Jesus’ resurrection was indeed ‘according to the Scriptures’

When we recite the Nicene Creed, we say, “On the third day he rose again in accordance with the Scriptures.” This line echoes St. Paul’s words in 1 Corinthians 15:3-4, “... that Christ died for our sins in accordance with the scriptures; that he was buried; that he was raised on the third day in accordance with the scriptures.” Jesus himself opens his disciples’ minds on the road to Emmaus to “understand the Scriptures” that said “... the Messiah would suffer and rise from the dead on the third day” (Luke 24:45-46). Over and over again, we find emphasized that Christ’s resurrection on the third day was “according to the Scriptures.” But where does it say that Messiah would be resurrected on the third day?

If you’re looking for an explicit statement like: “It will come to pass the Messiah will rise from the dead on the third day,” you’ll never find it. The fact that Jesus needed to explain this point to his disciples shows that it wasn’t something apparent to everyone. If it is no explicit prophecy, what was it? The answer is Old Testament typology.

What is typology? When we speak, our words signify something. The word “ball,” for example, signifies a round rubbery sphere that is often used in sports. Likewise, God can communicate things on a whole different level. Because he is the Creator and His providence rules history, God can make things signify other things. Put another way, the persons, places, things and events recorded in sacred history can foreshadow future persons, places, things and events.

This is called typology, and it is used in a number of places in Scripture. For example, Paul saw the Old Testament figure of Hagar as a “type” of Mount Sinai (Galatians 4:22-26). But are there typological prophesies that point to the Messiah rising from the dead on the third day? Absolutely. Only you probably wouldn’t have seen them if someone didn’t point them out to you. Let’s look at a few.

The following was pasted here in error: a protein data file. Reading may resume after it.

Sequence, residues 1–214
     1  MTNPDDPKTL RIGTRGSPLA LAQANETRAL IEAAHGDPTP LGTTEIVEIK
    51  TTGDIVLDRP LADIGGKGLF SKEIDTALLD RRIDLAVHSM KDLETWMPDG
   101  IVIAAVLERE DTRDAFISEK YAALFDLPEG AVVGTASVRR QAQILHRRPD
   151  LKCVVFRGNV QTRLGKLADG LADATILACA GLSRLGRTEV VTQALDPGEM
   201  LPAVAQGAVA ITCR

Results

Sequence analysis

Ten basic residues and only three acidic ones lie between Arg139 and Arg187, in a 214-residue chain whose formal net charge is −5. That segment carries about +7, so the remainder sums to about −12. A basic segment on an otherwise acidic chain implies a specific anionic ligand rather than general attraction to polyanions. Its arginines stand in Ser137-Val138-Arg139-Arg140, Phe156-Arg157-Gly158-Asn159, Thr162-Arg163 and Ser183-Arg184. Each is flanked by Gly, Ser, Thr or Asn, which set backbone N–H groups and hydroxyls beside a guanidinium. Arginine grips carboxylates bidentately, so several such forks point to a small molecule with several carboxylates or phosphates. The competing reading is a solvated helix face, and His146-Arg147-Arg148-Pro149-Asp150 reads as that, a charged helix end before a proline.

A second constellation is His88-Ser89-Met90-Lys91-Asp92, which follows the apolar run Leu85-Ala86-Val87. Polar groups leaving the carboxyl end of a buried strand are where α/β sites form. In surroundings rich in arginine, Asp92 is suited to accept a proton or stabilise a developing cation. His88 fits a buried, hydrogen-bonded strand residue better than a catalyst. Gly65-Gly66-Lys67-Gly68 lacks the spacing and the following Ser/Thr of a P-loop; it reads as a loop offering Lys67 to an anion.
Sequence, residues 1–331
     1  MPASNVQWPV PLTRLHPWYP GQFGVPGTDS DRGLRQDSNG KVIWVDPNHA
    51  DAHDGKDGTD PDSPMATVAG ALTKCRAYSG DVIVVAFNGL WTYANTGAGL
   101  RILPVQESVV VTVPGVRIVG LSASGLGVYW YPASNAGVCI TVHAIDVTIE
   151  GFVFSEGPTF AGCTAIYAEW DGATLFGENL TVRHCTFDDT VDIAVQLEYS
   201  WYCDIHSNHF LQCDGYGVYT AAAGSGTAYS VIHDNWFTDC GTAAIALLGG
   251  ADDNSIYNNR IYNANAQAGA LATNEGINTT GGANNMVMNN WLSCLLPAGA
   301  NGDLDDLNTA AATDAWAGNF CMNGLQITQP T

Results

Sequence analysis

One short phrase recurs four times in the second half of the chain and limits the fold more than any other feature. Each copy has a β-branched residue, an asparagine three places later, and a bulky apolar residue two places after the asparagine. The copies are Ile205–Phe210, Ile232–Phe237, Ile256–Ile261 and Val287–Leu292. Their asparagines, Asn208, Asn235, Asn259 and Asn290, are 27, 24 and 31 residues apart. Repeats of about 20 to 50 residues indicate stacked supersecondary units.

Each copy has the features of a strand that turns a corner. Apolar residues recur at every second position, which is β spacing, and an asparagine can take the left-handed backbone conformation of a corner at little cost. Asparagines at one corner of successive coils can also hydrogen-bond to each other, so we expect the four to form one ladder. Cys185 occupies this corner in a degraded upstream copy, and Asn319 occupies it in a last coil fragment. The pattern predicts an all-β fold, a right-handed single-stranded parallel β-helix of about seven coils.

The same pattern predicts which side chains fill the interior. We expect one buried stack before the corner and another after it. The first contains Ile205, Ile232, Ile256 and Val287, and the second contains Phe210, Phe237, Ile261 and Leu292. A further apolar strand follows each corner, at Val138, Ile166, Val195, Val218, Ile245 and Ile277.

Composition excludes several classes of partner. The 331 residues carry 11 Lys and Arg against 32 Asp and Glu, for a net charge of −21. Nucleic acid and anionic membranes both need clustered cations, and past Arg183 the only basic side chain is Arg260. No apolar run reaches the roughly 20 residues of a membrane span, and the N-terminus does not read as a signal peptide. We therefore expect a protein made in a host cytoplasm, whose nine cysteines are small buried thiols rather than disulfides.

Let’s start with the least obvious type, Genesis 1:9. On the third day of creation, dry land appears out of the watery chaos. This land will later be called in Hebrew adamah, from which Adam will receive his name (see Genesis 2:7). We know in the New Testament that Christ is the “new Adam” (Romans 5:15-21; 1 Corinthians 15:45, 47), who rose from the dead on the third day just as the Old Testament adamah rose from the water on the third day.

A stronger type is found in Genesis 22, where Abraham offers his son Isaac. One can see a series of interesting foreshadowing in this passage. Abraham is about to offer his “only beloved son” as a sacrifice (Genesis 22:2). He places the wood for the holocaust on Isaac’s shoulders (Genesis 22:6), telling Isaac that “God will provide the sheep for the holocaust” (Genesis 22:8). However, God intervenes and supplies a ram caught by its horns in the thicket (Genesis 22:13). After the three days, Abraham returns with Isaac. In the New Testament, Christ is the Father’s only beloved son, who shoulders the wood of the cross (he also has thorns on his head like the ram God supplied) and on the third day, he is alive (Genesis 22:4, cf. Hebrews 11:19).

The third type is Jonah. Jonah was thrown overboard and swallowed by a great fish. If you read Jonah’s prayer for deliverance while in the belly of the whale (Jonah 2:2-10), you’ll find that he describes his three-day ordeal as a journey into death: “Down I went to the roots of the mountains; the bars of the nether world were closing behind me forever, But you brought my life up from the pit ...” (Jonah 2:7). As Jesus points out, “Just as Jonah was in the belly of the whale three days and three nights, so will the Son of Man be in the heart of the earth ...” (Matthew 12:40).

All of these types (and others as well) show that Christ’s third-day resurrection was indeed “according to the Scriptures.”

Gary Michuta is an apologist, author and speaker and a member of St. Michael the Archangel Parish in Livonia. Visit his website at